A Course In Brainwashing
by Tracy Moran
Catholics across the country are alarmed at the increasing
popularity of a New Age phenomenon known as "A Course in
Miracles," a system of spirituality proponents claim is the "Third
Testament" of God to His people.
Even more alarming, critics say, is that the movement is gaining a
foothold among some Catholics.
"A Course in Miracles," a 1,249-page study manual, was authored by
the "inner voice" of research psychologist Helen Schucman between
1965 and 1972. Schucman, a professor at Columbia University and a
self-described atheist at the time, claims the "voice" was that of
In 1977, New Age guru and best-selling author Marianne Williamson
discovered "A Course in Miracles" and helped spread its message
internationally, reeling in stars such as Oprah Winfrey and
Shirley MacLaine along the way.
Today, the course has sold more than 1 million copies, and more
than 2,000 groups in the United States meet to study the course,
which Williamson calls "a self-study program of spiritual
But a former disciple of "A Course in Miracles" who returned to
the Catholic Church calls it a course in brainwashing. Moira
Noonan, once a New Age minister and psychic, was introduced to the
course 20 years ago. Upon returning to the Church, she was shocked
to find that "A Course in Miracles" is sold in some Catholic
bookstores and that many fellow believers are studying it.
"They say in the course that the Holy Spirit wants us to have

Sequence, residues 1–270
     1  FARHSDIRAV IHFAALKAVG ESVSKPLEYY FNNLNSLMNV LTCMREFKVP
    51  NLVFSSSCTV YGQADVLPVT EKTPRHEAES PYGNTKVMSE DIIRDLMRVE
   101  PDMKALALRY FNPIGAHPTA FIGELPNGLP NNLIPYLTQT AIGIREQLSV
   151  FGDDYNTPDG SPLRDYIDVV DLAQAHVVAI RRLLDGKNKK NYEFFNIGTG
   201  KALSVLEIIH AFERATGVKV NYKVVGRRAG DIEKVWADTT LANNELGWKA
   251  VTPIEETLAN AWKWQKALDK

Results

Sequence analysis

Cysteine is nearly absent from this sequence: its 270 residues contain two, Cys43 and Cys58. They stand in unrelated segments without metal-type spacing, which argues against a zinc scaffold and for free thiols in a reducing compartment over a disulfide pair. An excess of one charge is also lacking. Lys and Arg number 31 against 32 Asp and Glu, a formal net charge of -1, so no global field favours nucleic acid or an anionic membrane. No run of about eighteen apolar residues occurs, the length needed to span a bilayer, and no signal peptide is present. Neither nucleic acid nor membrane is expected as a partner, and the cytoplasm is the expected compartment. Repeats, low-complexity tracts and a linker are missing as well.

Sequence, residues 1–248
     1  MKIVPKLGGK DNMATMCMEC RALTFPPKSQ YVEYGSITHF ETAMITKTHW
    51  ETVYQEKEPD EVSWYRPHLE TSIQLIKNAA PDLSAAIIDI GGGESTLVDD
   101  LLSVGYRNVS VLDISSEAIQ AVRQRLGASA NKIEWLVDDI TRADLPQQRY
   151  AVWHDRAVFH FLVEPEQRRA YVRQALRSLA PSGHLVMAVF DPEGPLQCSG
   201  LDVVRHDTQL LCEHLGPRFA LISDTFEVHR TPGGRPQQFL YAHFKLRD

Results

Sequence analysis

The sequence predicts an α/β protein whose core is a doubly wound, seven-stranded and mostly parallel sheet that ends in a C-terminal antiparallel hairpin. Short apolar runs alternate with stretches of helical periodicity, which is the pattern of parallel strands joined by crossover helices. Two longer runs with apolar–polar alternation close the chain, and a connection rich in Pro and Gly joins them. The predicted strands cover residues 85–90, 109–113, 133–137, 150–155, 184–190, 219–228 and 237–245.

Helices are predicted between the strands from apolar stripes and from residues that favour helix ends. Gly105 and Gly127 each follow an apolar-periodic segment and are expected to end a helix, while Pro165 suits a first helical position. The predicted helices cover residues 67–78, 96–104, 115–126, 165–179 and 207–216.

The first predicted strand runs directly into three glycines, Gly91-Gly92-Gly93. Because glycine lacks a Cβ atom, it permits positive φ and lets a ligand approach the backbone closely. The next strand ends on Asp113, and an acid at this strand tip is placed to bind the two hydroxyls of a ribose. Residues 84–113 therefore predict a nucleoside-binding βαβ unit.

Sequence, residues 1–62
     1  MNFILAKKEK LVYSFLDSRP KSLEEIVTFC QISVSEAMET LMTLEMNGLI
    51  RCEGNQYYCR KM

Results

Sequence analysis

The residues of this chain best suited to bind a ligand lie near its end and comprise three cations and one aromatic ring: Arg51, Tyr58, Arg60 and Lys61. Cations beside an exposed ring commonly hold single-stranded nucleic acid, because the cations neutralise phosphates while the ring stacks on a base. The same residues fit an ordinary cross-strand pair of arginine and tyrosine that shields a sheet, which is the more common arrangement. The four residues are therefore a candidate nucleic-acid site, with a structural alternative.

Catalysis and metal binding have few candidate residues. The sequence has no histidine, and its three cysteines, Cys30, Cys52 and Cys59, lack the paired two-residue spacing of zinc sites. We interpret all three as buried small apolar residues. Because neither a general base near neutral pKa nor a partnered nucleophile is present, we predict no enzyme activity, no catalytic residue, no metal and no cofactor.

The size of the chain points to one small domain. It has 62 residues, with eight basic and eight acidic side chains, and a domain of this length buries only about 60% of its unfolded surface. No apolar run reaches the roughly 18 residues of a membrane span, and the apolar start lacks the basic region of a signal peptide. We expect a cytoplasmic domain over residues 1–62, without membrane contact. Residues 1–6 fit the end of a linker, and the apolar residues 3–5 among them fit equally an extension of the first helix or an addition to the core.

these new thoughts, a new reality," Noonan explained. "It says
right in the beginning of the course to question everything....
The course is Satan's mockbible," she said, adding that its
disciples "want people to think it's a religion, but it's not."
The Foundation for a "A Course in Miracles," based in Roscoe,
N.Y., is not affiliated with any church or denomination. Dr.
Kenneth Wapnick, the foundation's director, was a Catholic
seminarian about to enter the monastery when he met Schucman and
read the manuscript for the course.
A clinical psychologist, Wapnick claims the course teaches that
the way to recover one's buried knowledge and memories of God is
by "undoing" guilt through forgiving others. It aims to remove
"the blocks to one's awareness of love's presence," which is every
person's natural state of mind.
Jesuit Father Mitch Pacwa, who has written on New Age religions,
sees how such language can resonate with Catholics, luring them to
study the course.
"The key problem is the [course's] pseudo - Christian vocabulary
and ideas," said Father Pacwa. "People don't know the Catechism,
they don't know their faith.... The course strongly rejects the
use of reason and thinking.... This is precisely what makes the
course feasible. Once you get rid of reason, you get rid of
Noonan explained the course's attraction to Catholics by noting
that "in our culture, we want a quick fix. [The course] teaches
that you can claim a miracle. It's part of the individualistic
attitude we have in this society."
Noonan said some Catholics pick up the course thinking: "I never
really liked or understood the Bible anyway, so why don't I read
this? The language is easier for me to understand."
Critics of "A Course in Miracles" warn that Catholics who try to
incorporate its principles into their faith will severely
compromise their beliefs because the two theologies are completely
Father Pacwa said the course repeatedly misquotes the Bible and
"presents a false Jesus." Even though Jesus supposedly dictated
the course to Schucman, the course's Jesus "does not like the